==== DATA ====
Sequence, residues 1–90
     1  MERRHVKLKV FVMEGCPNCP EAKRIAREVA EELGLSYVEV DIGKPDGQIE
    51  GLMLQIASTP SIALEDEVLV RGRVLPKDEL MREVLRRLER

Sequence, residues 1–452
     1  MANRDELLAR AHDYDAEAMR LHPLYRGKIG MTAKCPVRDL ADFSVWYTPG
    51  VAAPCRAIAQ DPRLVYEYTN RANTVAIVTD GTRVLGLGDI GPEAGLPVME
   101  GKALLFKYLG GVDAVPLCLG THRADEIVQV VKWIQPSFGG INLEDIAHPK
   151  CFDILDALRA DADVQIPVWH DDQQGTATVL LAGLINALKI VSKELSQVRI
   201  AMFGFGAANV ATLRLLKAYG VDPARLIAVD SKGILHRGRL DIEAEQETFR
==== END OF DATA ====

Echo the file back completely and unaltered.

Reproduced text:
Sequence, residues 1–90
     1  MERRHVKLKV FVMEGCPNCP EAKRIAREVA EELGLSYVEV DIGKPDGQIE
    51  GLMLQIASTP SIALEDEVLV RGRVLPKDEL MREVLRRLER

Sequence, residues 1–452
     1  MANRDELLAR AHDYDAEAMR LHPLYRGKIG MTAKCPVRDL ADFSVWYTPG
    51  VAAPCRAIAQ DPRLVYEYTN RANTVAIVTD GTRVLGLGDI GPEAGLPVME
   101  GKALLFKYLG GVDAVPLCLG THRADEIVQV VKWIQPSFGG INLEDIAHPK
   151  CFDILDALRA DADVQIPVWH DDQQGTATVL LAGLINALKI VSKELSQVRI
   201  AMFGFGAANV ATLRLLKAYG VDPARLIAVD SKGILHRGRL DIEAEQETFR